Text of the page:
posted on February 22, 2021 01:14
Lorain Ambrocio, Columbia College Chicago
With the Spring 2021 semester in full swing, and some institutions nearing the half-way point for their classes, academic advisors may be balancing new demands from students. Between assisting students with technical issues in Canvas or Zoom, navigating major-change requests, and guiding the go-getter students who are already planning for summer registration, email communication has steadily increased between students and academic advisors. And while email communication may be the best way to reach students during the times of a pandemic, effective outreach strategies and inbox management are just as important to consider.
Email strategies and establishing a steady inbox workflow can allow academic advisors to serve students effectively while also evading the feelings of email fatigue. Academic advisors can consider themselves as digital marketers in a sense—where they use a communication tool (email) to convey a message to their target population (their student caseload) and prompt them to act on a message—not just to open the email, but to act on the message the advisor is delivering.
In 2016, a web and mobile analytics company called Mixpanel analyzed the performance of almost 86,000 subject lines across 1.7 billion emails. The average open rate was 13.5%, and shorter subject lines (typically 30 characters or fewer) performed better overall (Miars, 2017). Mixpanel also found subject lines that posed a question also performed better, along with emails that began with "how-to," which increased the open rate by 7.5 percentage points (Miars, 2017). While these statistics are impressive, there is still a disconnect between the target not seeing the value in the email and choosing not to open it.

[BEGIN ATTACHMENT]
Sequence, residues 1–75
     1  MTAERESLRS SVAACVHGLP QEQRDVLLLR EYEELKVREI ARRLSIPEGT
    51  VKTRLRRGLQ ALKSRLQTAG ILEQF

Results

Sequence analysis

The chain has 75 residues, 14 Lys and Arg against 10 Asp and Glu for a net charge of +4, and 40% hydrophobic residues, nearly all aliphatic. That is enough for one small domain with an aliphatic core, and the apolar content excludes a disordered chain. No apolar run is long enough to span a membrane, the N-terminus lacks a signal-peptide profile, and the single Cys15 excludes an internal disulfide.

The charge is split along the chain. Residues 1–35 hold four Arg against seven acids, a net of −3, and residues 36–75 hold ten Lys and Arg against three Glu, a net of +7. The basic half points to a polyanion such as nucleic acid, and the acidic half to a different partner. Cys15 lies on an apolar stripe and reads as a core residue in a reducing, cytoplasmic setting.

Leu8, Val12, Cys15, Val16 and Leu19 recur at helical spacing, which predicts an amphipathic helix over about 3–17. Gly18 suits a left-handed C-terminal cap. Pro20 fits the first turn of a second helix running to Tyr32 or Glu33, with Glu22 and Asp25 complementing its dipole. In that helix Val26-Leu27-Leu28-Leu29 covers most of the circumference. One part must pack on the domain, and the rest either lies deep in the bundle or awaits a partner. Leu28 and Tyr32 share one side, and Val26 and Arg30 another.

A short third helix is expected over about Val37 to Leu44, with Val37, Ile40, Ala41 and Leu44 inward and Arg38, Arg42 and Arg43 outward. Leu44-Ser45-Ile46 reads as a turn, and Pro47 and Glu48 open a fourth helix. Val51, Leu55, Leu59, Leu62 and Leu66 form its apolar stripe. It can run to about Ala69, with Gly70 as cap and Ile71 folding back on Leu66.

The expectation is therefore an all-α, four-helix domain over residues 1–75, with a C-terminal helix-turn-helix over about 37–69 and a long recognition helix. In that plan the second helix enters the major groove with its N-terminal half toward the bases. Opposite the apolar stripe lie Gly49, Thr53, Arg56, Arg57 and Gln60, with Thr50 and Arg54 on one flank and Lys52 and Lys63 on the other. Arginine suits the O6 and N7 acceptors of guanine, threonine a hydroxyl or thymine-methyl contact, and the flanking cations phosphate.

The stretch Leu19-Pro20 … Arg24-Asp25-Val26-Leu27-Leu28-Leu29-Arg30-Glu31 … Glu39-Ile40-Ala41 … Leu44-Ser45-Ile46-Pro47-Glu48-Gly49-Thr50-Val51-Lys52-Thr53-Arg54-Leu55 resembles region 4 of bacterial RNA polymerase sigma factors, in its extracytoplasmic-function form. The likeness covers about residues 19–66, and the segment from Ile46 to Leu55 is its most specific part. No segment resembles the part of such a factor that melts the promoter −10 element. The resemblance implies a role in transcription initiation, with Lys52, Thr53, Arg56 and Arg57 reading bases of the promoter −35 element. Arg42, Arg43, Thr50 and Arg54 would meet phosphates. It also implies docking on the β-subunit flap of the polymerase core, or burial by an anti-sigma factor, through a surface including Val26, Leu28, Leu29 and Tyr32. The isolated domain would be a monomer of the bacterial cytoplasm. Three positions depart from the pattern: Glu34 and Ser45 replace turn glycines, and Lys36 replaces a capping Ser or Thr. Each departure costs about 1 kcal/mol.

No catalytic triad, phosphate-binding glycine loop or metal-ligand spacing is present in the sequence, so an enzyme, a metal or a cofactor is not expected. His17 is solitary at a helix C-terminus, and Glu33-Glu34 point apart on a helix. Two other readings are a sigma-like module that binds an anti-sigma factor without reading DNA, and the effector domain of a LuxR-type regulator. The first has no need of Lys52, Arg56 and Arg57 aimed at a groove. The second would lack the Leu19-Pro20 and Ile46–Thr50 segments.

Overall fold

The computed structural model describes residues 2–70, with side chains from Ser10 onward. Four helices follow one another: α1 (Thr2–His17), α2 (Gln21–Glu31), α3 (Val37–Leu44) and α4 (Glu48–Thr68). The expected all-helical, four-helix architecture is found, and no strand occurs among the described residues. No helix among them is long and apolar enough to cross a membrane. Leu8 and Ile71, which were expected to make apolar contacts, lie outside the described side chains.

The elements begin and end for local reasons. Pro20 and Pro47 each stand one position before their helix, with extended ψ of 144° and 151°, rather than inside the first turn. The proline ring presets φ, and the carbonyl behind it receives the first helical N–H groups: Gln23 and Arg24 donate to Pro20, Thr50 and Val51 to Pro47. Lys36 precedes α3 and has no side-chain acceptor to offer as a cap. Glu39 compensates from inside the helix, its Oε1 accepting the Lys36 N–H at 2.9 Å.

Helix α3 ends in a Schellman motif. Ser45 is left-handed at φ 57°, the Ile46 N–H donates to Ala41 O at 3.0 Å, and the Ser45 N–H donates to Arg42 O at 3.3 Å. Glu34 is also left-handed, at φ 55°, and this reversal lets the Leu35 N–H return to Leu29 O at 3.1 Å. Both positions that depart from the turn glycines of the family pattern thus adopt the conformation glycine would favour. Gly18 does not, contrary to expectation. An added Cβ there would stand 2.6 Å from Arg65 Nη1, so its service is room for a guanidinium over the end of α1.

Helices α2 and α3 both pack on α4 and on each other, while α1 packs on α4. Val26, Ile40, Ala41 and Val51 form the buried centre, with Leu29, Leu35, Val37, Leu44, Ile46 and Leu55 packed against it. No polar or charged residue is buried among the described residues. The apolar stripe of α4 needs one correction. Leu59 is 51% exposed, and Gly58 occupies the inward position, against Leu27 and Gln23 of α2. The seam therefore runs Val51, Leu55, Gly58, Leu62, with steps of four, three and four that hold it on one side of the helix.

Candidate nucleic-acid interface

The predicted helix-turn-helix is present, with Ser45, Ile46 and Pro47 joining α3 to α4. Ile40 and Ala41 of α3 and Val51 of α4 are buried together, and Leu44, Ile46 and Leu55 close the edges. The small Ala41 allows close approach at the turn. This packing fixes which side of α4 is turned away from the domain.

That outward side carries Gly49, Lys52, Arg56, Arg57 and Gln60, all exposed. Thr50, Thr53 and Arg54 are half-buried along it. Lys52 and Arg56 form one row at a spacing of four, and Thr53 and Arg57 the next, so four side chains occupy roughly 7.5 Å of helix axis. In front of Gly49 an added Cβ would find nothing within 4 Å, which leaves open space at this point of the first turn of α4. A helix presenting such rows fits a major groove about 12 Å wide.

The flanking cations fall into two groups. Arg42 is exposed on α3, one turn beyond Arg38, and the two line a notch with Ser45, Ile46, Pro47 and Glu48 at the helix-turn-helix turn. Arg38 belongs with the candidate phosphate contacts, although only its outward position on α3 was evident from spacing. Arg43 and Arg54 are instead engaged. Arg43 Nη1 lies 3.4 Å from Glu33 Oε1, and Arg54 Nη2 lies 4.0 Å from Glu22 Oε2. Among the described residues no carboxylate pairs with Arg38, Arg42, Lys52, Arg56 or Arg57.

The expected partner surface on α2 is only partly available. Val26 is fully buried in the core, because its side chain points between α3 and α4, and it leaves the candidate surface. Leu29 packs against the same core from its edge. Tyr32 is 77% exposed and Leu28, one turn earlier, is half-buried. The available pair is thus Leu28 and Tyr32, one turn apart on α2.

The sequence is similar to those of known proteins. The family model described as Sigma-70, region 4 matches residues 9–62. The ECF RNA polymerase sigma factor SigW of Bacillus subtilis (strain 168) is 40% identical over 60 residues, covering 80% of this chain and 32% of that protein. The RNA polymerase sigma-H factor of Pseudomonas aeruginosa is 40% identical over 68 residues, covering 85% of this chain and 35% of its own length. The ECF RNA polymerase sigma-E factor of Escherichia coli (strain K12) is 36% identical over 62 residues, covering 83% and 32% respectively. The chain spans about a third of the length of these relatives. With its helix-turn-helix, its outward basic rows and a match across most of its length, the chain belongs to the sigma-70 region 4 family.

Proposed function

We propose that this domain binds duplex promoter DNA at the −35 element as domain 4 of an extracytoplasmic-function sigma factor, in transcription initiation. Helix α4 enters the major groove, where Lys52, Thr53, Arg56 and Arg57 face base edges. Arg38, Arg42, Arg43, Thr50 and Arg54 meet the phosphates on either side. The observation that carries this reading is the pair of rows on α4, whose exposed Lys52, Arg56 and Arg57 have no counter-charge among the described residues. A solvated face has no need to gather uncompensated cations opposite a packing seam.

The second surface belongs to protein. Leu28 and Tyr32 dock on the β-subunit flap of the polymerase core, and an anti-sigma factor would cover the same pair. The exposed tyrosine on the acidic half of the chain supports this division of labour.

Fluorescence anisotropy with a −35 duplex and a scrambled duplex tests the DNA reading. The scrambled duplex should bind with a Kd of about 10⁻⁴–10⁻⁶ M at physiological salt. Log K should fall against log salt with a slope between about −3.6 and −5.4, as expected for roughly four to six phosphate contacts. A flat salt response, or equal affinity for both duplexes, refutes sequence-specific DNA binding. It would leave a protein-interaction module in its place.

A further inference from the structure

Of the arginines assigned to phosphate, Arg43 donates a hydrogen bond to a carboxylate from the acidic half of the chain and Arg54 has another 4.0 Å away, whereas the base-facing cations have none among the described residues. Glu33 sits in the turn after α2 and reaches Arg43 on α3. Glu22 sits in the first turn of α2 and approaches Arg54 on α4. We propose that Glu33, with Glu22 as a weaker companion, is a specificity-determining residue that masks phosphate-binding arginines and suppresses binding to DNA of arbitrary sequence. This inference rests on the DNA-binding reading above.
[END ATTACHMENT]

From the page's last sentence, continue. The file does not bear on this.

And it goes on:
Re-Thinking How Emails Are Crafted
How can Mixpanel's data be used as an example to engage students to want to open emails? This is where a call to action can be used and begins with the subject line. Communicating effectively with students begins with strong and consistent subject lines. Advisors can keep their subject lines short and include "from your academic advisor" at the end of the subject header. This technique can allow for students to quickly associate the message with their advisor—the message is something separate from the institution and is important to their academic success. Then the call to action in the message of the email is where the advisor will tell students what needs to be done. This message could be registering for a class, making an appointment with the tutoring center, or following up on a missing document, for example.
A few other points that can build on the call to action (CTA) within an email are the following:
- Optimize emails for mobile viewing—are students receiving a block of text of information, or is the message short and clear with a discernible CTA?
- Utilize bullets or numbered lists to format the essential information in the email, drawing the student's eye to the CTA.
- Highlight or use a bold-faced text to emphasize important dates or notes. The student’s eye will be drawn to read through the email or find the information at a quick glance if revisiting the email again.
- Communicate with the student, not at them. Revise emails and eliminate any jargon or acronyms that a student may not understand.
Adjusting Email Workflow and Management